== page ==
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Are teams going to "bait" us into fighting?


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#81 Dabura

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Posted 02 October 2013 - 03:45 PM

Very interesting.

 

Another good one


Edited by Dabura, 02 October 2013 - 03:47 PM.

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#82 F.Michael

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Posted 02 October 2013 - 03:51 PM

 

Actually the debate about the correlation between CTE and heart disease has been raging on between BU and U of M since 2011.

 

Seeing as the brain technically "controls" bodily functions some experts believe CTE can lead to worsening of existing heart conditions.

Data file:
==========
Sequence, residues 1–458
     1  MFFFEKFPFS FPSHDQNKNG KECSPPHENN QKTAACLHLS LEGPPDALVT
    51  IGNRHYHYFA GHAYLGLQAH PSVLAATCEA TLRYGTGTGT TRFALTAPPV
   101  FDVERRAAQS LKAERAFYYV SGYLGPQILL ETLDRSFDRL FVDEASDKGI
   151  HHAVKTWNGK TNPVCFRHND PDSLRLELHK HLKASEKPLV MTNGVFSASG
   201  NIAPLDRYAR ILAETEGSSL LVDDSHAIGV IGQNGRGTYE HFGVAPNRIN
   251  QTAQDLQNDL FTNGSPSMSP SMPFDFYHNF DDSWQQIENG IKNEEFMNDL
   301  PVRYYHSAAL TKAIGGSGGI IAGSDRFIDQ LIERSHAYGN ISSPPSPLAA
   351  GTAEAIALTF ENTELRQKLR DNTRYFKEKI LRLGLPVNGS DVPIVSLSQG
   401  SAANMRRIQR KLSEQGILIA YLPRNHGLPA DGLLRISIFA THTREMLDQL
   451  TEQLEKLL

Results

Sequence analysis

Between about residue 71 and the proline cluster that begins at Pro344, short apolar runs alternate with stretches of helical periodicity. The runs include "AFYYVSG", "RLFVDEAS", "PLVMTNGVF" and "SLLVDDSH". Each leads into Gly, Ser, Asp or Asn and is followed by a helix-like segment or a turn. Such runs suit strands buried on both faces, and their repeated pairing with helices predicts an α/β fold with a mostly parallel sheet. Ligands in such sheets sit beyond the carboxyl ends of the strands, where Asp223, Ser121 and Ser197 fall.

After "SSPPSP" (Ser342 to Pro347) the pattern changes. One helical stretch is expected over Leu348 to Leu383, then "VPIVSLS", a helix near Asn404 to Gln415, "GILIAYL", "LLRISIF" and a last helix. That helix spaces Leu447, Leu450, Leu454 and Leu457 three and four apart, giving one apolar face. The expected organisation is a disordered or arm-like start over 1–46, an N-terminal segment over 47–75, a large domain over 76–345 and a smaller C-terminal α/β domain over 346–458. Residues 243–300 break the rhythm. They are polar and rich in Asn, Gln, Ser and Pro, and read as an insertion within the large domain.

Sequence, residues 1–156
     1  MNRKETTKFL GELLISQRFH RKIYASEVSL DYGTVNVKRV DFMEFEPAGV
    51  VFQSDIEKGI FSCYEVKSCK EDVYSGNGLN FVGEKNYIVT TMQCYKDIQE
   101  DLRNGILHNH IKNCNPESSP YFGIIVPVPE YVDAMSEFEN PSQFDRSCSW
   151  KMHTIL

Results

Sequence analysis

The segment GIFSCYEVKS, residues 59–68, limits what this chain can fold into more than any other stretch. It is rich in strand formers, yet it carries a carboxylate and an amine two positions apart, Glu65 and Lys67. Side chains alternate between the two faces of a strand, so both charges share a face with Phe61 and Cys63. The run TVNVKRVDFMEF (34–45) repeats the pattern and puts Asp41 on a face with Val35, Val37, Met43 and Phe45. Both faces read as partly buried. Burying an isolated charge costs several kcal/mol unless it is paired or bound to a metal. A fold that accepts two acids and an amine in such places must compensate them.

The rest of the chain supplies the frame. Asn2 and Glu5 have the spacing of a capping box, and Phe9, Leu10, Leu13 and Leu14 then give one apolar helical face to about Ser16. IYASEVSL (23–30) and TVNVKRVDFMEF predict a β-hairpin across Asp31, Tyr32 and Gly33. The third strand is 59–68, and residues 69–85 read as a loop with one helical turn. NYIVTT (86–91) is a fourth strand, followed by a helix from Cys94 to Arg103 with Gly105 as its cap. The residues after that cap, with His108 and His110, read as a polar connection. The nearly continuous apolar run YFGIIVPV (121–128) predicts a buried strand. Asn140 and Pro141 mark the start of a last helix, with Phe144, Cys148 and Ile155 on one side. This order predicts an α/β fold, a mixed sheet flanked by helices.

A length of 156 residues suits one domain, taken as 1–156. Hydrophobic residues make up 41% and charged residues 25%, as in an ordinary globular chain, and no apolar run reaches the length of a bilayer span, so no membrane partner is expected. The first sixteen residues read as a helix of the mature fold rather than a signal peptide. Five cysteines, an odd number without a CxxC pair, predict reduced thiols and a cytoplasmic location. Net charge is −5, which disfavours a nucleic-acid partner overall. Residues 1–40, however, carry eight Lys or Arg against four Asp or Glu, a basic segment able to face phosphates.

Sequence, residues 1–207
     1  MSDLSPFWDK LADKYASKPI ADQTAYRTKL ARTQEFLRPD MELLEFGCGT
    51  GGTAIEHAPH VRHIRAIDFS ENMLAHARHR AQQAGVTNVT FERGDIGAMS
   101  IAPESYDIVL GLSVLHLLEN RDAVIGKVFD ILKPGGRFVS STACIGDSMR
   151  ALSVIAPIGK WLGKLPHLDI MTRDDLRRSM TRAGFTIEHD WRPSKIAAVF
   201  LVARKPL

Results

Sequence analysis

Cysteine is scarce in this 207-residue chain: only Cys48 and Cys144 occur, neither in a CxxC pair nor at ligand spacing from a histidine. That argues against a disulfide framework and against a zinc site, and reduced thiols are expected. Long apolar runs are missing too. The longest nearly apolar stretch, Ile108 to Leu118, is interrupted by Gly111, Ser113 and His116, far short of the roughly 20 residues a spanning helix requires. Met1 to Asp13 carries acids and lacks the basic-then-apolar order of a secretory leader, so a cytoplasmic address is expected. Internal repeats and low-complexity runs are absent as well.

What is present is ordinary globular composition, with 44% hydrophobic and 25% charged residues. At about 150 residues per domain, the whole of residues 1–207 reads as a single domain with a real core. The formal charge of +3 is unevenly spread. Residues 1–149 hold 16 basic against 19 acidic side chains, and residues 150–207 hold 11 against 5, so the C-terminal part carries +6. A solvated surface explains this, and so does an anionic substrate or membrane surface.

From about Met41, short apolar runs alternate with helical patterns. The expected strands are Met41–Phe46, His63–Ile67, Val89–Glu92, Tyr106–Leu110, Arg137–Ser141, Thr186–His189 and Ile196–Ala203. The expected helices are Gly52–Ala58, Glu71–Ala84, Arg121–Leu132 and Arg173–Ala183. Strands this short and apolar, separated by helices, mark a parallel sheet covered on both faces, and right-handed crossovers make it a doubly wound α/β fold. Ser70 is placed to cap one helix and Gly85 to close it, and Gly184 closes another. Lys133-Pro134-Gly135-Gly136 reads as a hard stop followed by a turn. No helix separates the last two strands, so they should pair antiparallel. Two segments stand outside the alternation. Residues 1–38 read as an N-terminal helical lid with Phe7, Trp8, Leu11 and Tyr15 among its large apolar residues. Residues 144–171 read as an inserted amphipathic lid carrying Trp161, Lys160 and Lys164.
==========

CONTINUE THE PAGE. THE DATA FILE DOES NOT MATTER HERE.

I would like to think that too, however I am a realist and as such know that getting punched in the face does not stop Matt Cooke, or Chris Simon, or Raffi Torres, or any of the like from doing anything!

If I remember correctly - an autopsy on Probie revealed he had roughly a 90% blockage of his coronary sinus.

 

I'm of the opinion that genetics/drug abuse/alcohol/diet abuse were key factors more so than his noggin taking punches.



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#83 Opie

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Posted 02 October 2013 - 03:54 PM

 

If I remember correctly - an autopsy on Probie revealed he had roughly a 90% blockage of his coronary sinus.